The picture on top is an interesting one in which side-by-side cell packs containing the same batch of growing medium are showing no deficiency of iron on plants on the left side and deficiency symptoms on plants on the right side. I think it is very likely due to poor mixing of lime when the growing medium was prepared.

The pH on the left side was around 6.0 and on the right side it was 6.8.

In the picture below it, the pH was 6.6. From a practical and a non-destructive point of view, I use the pour-through leach method. (There are other methods, such as preparing a saturation paste and filtering the water through and taking the reading.)


This is how the pour-through method is done.

Take good quality water or distilled water and pour it through the container. Collect enough water from the saucer so that an electrode can be dipped in properly. Avoid over-leaching if the same water is used both for measuring pH and EC.

The second picture in this series of three shows an actual measurement from a geranium container showing some speckling on lower leaves. You can see those specks on the leaves in the third picture. It confirmed that the pH was 5.13 and those specks were due to an accumulation of iron.

I encourage growers to take pH and EC readings on a scheduled basis. Assign a dedicated person to take these measurements and include hanging baskets as well. During the rapid growth season, readings should be taken at least twice a week.

Prepare a graph so that monitoring can be done.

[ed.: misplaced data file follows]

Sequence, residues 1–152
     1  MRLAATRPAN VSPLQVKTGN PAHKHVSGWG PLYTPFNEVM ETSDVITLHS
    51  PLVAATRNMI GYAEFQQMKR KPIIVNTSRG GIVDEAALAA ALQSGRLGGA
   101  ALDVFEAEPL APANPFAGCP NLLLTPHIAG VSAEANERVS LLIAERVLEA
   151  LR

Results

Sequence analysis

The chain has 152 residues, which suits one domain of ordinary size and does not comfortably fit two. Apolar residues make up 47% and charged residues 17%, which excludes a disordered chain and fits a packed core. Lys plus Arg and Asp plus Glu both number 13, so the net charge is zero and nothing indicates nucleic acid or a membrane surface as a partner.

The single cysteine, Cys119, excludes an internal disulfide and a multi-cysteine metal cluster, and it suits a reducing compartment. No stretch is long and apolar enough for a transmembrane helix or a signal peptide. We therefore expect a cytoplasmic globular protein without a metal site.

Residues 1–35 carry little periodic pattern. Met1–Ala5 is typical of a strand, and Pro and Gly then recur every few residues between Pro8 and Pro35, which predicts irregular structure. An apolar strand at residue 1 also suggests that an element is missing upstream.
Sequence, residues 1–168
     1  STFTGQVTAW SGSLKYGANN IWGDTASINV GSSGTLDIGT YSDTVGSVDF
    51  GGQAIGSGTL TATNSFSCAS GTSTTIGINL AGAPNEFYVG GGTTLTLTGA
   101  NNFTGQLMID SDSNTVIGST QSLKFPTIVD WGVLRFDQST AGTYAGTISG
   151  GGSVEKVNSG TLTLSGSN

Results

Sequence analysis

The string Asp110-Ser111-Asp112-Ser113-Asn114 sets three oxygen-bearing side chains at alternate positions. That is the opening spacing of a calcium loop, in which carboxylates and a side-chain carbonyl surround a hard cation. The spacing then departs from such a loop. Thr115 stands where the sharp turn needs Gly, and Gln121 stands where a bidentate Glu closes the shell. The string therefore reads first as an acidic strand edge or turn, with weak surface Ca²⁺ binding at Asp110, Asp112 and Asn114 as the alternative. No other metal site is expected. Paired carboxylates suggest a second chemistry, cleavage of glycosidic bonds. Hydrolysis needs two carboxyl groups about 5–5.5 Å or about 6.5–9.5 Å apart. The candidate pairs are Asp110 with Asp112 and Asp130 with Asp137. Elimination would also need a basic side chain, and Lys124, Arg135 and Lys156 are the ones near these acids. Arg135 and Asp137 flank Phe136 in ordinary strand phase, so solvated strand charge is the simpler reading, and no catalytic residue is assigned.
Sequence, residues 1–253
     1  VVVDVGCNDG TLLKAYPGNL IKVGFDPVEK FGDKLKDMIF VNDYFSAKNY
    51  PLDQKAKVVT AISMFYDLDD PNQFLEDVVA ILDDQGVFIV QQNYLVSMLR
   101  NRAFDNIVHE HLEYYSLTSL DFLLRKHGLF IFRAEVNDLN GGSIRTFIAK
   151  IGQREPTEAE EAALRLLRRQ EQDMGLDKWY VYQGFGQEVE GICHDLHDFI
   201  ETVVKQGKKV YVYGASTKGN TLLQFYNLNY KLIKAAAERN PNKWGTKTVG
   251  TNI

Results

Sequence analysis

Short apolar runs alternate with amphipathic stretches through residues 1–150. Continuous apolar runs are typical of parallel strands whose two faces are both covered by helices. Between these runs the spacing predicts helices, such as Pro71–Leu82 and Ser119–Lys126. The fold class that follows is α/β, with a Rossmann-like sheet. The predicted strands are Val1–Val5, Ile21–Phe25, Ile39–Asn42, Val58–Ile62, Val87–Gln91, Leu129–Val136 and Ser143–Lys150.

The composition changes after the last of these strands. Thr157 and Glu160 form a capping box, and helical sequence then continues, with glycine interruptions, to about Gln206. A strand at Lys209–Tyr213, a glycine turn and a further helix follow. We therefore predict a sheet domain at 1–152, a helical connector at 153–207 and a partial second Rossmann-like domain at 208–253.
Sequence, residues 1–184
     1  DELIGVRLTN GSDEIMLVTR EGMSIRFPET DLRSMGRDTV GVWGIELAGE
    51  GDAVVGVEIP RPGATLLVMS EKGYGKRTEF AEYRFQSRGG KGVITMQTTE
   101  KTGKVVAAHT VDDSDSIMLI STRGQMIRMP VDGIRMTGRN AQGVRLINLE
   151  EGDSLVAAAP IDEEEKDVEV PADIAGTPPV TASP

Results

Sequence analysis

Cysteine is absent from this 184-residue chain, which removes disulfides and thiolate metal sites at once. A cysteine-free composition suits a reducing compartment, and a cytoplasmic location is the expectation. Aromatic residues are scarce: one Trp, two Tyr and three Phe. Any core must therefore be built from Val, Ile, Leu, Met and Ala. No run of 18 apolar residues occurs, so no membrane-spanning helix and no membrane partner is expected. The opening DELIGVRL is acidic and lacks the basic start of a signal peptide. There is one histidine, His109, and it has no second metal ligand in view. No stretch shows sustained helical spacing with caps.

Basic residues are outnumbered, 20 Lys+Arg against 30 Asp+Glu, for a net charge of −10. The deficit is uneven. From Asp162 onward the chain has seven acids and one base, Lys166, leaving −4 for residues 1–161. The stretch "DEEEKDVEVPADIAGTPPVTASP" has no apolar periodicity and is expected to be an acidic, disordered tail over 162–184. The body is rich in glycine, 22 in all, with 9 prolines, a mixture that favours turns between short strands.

Remember that since pH is measured on a logarithmic scale, it will take longer to change those levels.

Each increment of pH has 10 times more hydrogen ions than that of the previous increment. That is the confusing part, because we are used to simple additive math. In the case of pH, it is a factor of 10. What it means is that if a certain amount of acid is required to bring the pH down from 7 to 6, then the same amount of acid will not bring the pH down from 6 to 5. It all depends upon the amount of carbonates and bicarbonates present in water and in the growing medium.

There are basically two pH-related situations that need to be corrected – acid and alkaline situations.

I would like to point out that the term “alkalinity,” which is frequently seen in analytical reports, is not a measurement of pH. Alkalinity is a measurement of total carbonates or bicarbonates that are present in water or growing medium. It is reported as parts per million (ppm), milligrams/L, or as milliequivalent/L. The higher the level of carbonates and bicarbonates, the more alkaline the pH will be.


  • Use potassium bicarbonate.